To find out what the results mean, the colors on the test strip are compared with the color chart on the package. If the colors on the test strip do not change, you do not have sugar in your urine. The more the color changes, the more sugar there is in your urine, and therefore in your blood. But it is not possible to find out exact blood sugar levels using urine tests. They can only determine whether you have very high blood sugar. This is because the body doesn’t generally get rid of sugar in urine if someone’s blood sugar levels are normal or low.

Measuring blood sugar levels in a laboratory

Blood sugar levels can be measured a lot more accurately by taking a blood sample from a vein and having it tested in a laboratory. Blood sugar is sometimes measured as part of a routine blood test in the hospital or at the doctor’s. A special kind of test called a glucose tolerance test also involves taking blood samples – in this case, to see how the body deals with larger amounts of sugar.

Most people with diabetes have the HbA1c levels in their blood measured regularly. Your HbA1c value is a measure of how high your blood sugar levels have been on average over the last eight to twelve weeks. This is an indication of how well-controlled your blood sugar is and whether your diabetes treatment might need to be adjusted.

Additional option for monitoring glucose levels

Devices that measure the amount of sugar in fat tissue underneath your skin offer another way to continuously monitor sugar levels. This is called continuous glucose monitoring (CGM). CGM devices measure the amount of sugar in the fat tissue every few minutes, and alert you if the levels are too high or too low. CGM devices are also available in combination with an insulin pump.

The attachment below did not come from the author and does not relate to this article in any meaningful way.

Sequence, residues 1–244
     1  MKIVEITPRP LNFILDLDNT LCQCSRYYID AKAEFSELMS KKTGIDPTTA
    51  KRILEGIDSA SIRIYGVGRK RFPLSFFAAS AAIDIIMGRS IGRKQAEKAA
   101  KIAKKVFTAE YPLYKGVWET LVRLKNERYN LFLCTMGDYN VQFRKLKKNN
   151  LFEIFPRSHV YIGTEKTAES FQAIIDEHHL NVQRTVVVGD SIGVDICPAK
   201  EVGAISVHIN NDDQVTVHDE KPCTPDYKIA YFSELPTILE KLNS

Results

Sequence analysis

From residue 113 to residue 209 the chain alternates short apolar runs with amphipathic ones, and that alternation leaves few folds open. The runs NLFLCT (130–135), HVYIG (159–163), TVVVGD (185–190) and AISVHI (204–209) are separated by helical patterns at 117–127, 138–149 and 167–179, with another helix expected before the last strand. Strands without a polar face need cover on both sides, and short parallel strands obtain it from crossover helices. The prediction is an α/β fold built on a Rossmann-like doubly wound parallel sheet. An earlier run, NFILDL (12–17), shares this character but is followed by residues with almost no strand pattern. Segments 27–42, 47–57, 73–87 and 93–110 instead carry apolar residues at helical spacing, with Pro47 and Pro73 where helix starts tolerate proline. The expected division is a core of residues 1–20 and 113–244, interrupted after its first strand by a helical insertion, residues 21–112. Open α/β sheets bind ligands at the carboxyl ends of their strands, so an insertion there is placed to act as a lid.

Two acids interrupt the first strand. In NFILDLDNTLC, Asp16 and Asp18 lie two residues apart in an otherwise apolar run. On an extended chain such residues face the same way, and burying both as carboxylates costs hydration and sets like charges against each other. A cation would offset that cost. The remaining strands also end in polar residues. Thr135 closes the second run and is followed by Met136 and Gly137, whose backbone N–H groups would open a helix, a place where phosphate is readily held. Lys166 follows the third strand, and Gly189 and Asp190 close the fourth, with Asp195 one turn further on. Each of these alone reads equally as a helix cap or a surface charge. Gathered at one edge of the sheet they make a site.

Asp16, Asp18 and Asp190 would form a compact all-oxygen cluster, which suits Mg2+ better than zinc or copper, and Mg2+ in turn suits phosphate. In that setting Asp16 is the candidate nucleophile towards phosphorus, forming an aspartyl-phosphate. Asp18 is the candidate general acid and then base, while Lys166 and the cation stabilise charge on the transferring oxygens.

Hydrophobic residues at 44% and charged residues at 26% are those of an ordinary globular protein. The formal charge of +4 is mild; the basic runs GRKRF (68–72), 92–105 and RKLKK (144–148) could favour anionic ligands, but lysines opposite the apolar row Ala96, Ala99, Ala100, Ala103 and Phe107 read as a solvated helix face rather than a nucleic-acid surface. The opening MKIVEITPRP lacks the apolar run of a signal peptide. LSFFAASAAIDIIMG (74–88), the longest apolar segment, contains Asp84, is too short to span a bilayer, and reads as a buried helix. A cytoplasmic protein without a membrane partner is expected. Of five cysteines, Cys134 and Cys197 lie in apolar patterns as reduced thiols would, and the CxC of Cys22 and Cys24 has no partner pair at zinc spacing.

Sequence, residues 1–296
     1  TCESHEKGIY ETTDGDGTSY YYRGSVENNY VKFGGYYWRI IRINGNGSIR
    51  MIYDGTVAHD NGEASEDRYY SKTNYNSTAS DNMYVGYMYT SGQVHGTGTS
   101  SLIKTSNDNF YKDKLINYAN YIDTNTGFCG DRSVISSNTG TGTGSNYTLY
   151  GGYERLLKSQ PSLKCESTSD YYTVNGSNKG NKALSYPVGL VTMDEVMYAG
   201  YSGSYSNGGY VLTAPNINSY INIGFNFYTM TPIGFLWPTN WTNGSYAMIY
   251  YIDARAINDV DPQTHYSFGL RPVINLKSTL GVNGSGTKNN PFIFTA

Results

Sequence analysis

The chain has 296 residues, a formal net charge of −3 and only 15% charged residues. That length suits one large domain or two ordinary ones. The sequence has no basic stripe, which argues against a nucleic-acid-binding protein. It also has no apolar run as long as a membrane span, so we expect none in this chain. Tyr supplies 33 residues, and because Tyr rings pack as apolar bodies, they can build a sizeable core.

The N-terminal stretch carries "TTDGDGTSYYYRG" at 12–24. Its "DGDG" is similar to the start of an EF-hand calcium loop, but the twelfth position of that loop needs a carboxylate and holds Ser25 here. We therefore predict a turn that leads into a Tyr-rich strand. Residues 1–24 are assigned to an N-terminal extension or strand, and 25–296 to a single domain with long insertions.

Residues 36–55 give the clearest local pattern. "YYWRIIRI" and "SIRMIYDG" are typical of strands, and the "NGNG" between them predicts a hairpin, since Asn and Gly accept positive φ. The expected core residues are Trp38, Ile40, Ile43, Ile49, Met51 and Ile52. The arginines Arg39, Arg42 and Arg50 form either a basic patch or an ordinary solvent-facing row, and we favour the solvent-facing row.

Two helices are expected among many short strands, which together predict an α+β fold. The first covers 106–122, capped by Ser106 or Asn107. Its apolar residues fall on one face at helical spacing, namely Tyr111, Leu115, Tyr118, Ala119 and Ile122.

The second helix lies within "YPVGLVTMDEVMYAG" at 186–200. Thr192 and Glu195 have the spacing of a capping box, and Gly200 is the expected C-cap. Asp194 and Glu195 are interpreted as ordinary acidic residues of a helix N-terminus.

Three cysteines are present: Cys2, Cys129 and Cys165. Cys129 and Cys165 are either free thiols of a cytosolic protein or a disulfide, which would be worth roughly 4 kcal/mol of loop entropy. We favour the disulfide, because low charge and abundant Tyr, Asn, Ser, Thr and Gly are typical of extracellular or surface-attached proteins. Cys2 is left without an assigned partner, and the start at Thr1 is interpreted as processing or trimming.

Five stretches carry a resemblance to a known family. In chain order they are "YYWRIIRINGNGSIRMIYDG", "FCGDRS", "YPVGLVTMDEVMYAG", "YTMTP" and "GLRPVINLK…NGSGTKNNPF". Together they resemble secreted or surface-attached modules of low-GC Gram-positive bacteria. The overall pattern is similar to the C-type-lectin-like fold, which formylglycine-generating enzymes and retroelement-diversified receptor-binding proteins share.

People who have type 1 diabetes can improve the regulation of their blood sugar levels by monitoring the sugar levels in their tissue.

Agency for Healthcare Research and Quality (AHRQ). Methods for insulin delivery and glucose monitoring. Comparative Effectiveness Review No. 57. Rockville (MD): AHRQ, July 2012.

Deutsche Diabetes Gesellschaft e.V. (DDG). Diagnostik, Therapie und Verlaufskontrolle des Diabetes mellitus im Kindes- und Jugendalter. S3-Leitlinie. October 2015. (AWMF-Leitlinien; volume 057 - 016).

Deutsche Diabetes Gesellschaft e.V. (DDG). Therapie des Typ-1-Diabetes. S3-Leitlinie. September 2011. (AWMF-Leitlinien; volume 057 - 013).

Institute for Quality and Efficiency in Health Care (IQWiG, Germany). Continuous interstitial glucose monitoring (CGM) with real-time measurement devices in insulin-dependent diabetes mellitus: final report; commission D12-01. March 25, 2015 (IQWiG reports; volume 289).

Langendam M, Luijf YM, Hooft L, Devries JH, Mudde AH, Scholten RJ. Continuous glucose monitoring systems for type 1 diabetes mellitus. Cochrane Database Syst Rev 2012; (1): CD008101.

IQWiG health information is written with the aim of helping people understand the advantages and disadvantages of the main treatment options and health care services.

Because IQWiG is a German institute, some of the information provided here is specific to the German health care system. The suitability of any of the described options in an individual case can be determined by talking to a doctor. can provide support for talks with doctors and other medical professionals, but cannot replace them. We do not offer individual consultations.

Our information is based on the results of good-quality studies. It is written by a team of health care professionals, scientists and editors, and reviewed by external experts. You can find a detailed description of how our health information is produced and updated in our methods.

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Please note that we do not provide individual advice on matters of health. You can read about where to find help and support in Germany in our information “How can I find self-help groups and information centers?

Updated on June 29, 2017
Next planned update: 2021


Institute for Quality and Efficiency in Health Care (IQWiG, Germany)